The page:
Humanitarian in training

Intern: Russian-born high school student takes reins of Kenyan relief project.

April 11, 2001|By Laura Dreibelbis | Laura Dreibelbis,SPECIAL TO THE SUN

Hammond High School senior Anya Makarova demonstrates insight and maturity well beyond her 17 years. The Russian-born student traveled to the United States from Moscow 2 1/2 years ago, bringing a deep, lifelong commitment to help those less fortunate.

"In Russia, there is a lot of poverty, a lot of poor people," said the soft-spoken teen-ager with an easy laugh and a smile that lights up her face.

"Putting money into needy hands will not solve the problem of poverty," she added. "It is a very complex and multidimensional problem."

Acting on her commitment, Anya applied to the Gifted and Talented Mentor Program, which provides internships for Howard County high school students interested in gaining firsthand experience in a career. Anya requested a position in a humanitarian organization and was placed with the Central Maryland chapter of the American Red Cross.

She was put to work assisting with "Maryland to Kenya: School Chest Initiative," a Red Cross effort in partnership with the State Department of Education - collecting and providing school supplies to disadvantaged children in Kenya schools who suffer from the aftermath of a major drought.

Gifted-education specialist Debby Messer noted Anya's strong moral compass and her desire to serve. "I was very impressed with her integrity and commitment to humanitarianism," said Messer, adding that Anya, since her arrival from Russia, has seen an abundance of possessions in the United States that most of her American peers take for granted.

Anya went above and beyond what an intern typically does, taking on the project herself and making things happen, Red Cross supervisor Bill Clarke said. Since beginning the internship in the fall, she helped design the information packet sent to schools about the project, which included facts on Kenya and guiding questions to promote learning and discussion of the African country.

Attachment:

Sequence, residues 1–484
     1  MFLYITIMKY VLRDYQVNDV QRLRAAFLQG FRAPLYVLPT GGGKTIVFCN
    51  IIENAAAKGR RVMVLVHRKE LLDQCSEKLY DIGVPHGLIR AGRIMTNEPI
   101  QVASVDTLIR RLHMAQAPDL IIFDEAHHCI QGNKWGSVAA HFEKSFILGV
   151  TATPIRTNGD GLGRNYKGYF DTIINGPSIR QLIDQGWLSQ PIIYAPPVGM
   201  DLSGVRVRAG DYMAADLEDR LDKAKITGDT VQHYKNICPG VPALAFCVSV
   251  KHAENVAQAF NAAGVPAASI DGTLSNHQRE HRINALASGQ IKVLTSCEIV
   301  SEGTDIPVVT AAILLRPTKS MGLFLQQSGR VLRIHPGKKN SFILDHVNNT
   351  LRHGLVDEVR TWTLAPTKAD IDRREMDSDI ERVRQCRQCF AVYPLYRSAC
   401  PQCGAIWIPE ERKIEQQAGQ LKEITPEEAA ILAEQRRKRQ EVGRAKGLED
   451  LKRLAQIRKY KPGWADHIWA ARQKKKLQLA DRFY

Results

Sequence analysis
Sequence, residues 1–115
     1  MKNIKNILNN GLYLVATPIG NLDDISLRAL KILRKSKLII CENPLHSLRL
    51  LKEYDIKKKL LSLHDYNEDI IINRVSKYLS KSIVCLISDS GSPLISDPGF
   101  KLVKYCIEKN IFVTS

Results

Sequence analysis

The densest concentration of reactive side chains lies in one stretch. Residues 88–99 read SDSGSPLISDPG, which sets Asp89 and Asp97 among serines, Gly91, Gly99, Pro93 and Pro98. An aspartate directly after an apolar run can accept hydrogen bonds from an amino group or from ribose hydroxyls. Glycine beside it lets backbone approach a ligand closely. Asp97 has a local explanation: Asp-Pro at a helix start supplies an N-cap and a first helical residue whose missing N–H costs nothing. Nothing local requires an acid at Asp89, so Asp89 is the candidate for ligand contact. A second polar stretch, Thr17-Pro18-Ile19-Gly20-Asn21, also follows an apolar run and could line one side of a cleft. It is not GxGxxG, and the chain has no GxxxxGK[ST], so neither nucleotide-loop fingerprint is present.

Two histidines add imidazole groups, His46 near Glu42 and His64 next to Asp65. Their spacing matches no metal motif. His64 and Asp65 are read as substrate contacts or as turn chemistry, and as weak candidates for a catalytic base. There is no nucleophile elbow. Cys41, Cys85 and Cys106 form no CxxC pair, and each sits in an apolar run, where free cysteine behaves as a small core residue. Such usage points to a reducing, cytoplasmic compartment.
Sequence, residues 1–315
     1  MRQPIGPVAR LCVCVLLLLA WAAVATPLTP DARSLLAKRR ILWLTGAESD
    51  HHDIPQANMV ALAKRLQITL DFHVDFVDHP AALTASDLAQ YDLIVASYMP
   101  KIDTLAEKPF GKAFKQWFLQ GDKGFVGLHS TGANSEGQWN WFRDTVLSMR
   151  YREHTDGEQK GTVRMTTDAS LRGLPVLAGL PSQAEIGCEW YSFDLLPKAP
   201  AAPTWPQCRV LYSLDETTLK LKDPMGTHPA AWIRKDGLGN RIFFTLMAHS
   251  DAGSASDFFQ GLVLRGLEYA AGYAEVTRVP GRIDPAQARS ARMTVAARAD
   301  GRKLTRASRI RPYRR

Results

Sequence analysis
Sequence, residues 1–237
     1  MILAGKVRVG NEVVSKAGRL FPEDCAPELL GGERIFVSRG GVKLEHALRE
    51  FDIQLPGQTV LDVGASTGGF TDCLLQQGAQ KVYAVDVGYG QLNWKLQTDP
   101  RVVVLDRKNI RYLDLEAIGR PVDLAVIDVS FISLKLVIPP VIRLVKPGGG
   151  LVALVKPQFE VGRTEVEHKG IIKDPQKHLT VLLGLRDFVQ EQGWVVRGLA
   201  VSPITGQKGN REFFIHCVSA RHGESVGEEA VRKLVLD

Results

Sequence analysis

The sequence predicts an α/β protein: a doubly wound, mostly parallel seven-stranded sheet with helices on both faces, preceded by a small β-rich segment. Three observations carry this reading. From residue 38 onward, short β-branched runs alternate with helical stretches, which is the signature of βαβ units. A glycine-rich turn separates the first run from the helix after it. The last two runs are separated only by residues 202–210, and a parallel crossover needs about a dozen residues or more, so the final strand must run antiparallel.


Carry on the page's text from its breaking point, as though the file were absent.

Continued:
This was especially challenging because Anya's textbook knowledge of English learned in Moscow was quite different from spoken American English. Studying subjects in other languages is difficult, she said.

Overcoming her fear of public speaking, Anya made a video and has made presentations to school officials and students at the state, county and individual level, promoting the school chest initiative and international service. She now speaks impromptu without notes. Howard County middle schools included "Maryland to Kenya" as a service-learning project.

Clarke remembered a comment Anya made during a presentation: In a country that has been devastated, an initial step to healing is establishing schools. She's passionate and adamant about the project, he said.

About 170 chests - 50-gallon storage tubs filled with school supplies costing about $315 each - have been received by the Red Cross statewide, with more trickling in since last month's deadline. Howard County is one of the state's top contributors, filling more than 30 chests - six of which are from Hammond High in Columbia.

Anya will attend a Red Cross convention next month to help Clarke discuss the school chest and other international projects. She will present her work at the Howard County Public Schools Student Learning Conference on May 4, and plans to write an assessment of the project. She wants to create a brochure detailing lessons learned from the Kenya experience to encourage schools to participate in similar projects.

The internship showed her how this type of effort works, said Anya, adding that she has learned the value of exchanging ideas and how a group effort can result in a better product.

"I think this was a great experience for me. I got a vision of what I want to do when I grow up," she said.

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